Central banks added a whopping 1,136 tonnes of gold worth some $70 billion to their stockpiles in 2022, by far the most of any year since 1967, the World Gold Council (WGC) said on Tuesday.
The data underline a shift in attitudes to gold since the 1990s and 2000s, when central banks, particularly those in Western Europe that own a lot of bullion, sold hundreds of tonnes a year.
Since the financial crisis of 2008-09, European banks stopped selling and a growing number of emerging economies such as Russia, Turkey and India have bought.
Central banks like gold because it is expected to hold its value through turbulent times and, unlike currencies and bonds, it does not rely on any issuer or government.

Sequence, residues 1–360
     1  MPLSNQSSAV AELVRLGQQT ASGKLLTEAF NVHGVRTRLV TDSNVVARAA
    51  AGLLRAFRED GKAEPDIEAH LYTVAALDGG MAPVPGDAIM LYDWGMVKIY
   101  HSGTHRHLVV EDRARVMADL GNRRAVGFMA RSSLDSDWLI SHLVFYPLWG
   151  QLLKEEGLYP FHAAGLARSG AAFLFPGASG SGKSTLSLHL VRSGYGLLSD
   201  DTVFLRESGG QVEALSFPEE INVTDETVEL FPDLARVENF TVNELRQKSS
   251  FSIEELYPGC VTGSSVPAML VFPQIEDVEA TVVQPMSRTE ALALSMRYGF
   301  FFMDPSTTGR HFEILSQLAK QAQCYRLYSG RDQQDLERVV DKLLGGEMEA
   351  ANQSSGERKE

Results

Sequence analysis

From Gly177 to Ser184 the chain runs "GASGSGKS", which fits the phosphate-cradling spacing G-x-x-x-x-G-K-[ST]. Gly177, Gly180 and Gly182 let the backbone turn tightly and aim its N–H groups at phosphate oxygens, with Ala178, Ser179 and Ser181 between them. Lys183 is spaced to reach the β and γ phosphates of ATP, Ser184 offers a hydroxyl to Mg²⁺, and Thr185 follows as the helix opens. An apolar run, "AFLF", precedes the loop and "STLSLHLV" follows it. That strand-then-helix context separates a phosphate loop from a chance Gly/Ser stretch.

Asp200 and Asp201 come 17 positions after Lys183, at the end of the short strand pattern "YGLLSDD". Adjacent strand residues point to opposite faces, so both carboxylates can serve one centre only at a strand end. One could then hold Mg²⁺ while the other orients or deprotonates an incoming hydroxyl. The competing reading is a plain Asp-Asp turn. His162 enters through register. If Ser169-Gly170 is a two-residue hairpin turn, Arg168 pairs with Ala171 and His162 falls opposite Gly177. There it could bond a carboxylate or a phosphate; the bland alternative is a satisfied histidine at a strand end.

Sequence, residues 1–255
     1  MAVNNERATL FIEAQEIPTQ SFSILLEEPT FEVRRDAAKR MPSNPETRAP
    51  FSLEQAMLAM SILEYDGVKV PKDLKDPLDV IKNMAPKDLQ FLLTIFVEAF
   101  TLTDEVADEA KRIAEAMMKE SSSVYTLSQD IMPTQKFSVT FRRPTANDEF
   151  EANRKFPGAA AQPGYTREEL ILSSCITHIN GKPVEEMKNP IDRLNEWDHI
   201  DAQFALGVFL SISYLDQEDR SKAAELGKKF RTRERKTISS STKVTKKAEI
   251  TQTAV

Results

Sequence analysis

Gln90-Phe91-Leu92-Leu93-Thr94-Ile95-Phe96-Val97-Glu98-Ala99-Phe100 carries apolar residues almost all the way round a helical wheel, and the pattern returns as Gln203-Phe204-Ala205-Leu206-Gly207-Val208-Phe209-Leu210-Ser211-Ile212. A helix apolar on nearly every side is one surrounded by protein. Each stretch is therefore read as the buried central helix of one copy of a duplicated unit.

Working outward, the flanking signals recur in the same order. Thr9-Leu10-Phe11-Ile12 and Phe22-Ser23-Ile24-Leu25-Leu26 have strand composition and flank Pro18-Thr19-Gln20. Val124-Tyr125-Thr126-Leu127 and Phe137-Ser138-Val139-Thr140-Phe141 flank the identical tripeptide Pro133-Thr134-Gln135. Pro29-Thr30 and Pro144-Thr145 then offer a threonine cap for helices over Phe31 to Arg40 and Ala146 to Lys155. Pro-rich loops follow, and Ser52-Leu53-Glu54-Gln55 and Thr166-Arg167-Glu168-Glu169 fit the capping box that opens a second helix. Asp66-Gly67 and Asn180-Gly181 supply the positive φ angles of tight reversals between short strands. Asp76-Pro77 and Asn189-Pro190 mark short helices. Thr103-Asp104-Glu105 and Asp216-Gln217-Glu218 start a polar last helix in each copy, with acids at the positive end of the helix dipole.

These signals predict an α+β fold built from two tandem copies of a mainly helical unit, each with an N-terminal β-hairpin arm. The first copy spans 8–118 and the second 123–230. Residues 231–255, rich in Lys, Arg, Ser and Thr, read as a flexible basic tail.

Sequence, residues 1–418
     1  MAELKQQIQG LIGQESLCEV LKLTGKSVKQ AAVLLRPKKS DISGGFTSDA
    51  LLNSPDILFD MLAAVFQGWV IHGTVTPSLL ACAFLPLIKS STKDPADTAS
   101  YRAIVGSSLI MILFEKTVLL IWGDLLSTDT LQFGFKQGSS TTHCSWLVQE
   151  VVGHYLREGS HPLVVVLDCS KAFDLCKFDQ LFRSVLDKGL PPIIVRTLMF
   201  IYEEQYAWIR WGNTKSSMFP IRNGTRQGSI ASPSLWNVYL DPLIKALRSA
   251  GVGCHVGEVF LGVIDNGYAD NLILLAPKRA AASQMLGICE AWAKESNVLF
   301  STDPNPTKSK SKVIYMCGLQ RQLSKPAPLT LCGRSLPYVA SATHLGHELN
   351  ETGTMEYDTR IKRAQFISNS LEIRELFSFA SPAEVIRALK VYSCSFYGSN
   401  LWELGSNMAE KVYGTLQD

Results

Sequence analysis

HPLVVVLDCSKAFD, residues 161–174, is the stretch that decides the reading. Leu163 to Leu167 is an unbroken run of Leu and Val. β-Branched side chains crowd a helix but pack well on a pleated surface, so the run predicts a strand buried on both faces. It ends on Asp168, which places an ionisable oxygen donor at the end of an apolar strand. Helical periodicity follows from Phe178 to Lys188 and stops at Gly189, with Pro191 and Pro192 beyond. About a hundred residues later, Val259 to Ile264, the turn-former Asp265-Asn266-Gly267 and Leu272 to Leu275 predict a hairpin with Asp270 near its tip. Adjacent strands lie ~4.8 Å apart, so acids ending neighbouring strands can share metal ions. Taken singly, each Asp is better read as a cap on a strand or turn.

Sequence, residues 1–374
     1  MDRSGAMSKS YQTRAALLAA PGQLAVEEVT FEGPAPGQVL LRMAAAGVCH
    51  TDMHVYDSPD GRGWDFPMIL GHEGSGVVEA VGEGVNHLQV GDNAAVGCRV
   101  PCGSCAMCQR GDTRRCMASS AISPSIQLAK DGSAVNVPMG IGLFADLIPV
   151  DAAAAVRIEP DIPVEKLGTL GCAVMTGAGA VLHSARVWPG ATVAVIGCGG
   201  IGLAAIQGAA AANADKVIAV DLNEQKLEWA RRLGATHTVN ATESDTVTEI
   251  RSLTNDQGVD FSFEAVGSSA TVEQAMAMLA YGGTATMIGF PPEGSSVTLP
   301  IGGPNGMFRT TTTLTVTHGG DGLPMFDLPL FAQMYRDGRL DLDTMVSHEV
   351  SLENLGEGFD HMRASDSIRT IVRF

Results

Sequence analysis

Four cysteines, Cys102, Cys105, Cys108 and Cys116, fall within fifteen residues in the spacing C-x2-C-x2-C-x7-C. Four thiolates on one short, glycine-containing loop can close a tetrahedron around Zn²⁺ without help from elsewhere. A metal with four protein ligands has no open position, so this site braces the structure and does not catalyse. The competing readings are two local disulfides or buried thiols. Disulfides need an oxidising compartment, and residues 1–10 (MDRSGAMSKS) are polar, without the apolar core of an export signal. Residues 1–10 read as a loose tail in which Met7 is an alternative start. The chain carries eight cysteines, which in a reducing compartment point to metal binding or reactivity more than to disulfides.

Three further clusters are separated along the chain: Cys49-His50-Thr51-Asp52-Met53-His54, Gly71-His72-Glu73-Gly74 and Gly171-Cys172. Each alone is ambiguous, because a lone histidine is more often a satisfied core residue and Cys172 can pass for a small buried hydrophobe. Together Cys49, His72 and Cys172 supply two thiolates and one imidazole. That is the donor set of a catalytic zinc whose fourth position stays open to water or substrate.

Gold also enables central banks to diversify away from assets like U.S. Treasuries and the dollar.
“This is a continuation of a trend,” said World Gold Council analyst Krishan Gopaul.
“You can see those drivers feeding into what happened last year. You had on the geopolitical front and the macroeconomic front a lot of uncertainty and volatility,” he said.